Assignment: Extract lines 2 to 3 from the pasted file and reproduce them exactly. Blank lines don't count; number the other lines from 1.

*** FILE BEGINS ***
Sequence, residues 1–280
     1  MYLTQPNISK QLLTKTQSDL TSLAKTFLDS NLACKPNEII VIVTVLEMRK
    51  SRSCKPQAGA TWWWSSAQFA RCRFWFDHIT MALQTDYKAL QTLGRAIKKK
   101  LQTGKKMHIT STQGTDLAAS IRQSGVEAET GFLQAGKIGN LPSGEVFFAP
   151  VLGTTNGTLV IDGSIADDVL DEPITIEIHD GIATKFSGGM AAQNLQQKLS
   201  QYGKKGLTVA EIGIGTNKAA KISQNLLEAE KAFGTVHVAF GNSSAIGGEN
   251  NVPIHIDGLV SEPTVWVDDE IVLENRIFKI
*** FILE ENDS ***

     1  MYLTQPNISK QLLTKTQSDL TSLAKTFLDS NLACKPNEII VIVTVLEMRK
    51  SRSCKPQAGA TWWWSSAQFA RCRFWFDHIT MALQTDYKAL QTLGRAIKKK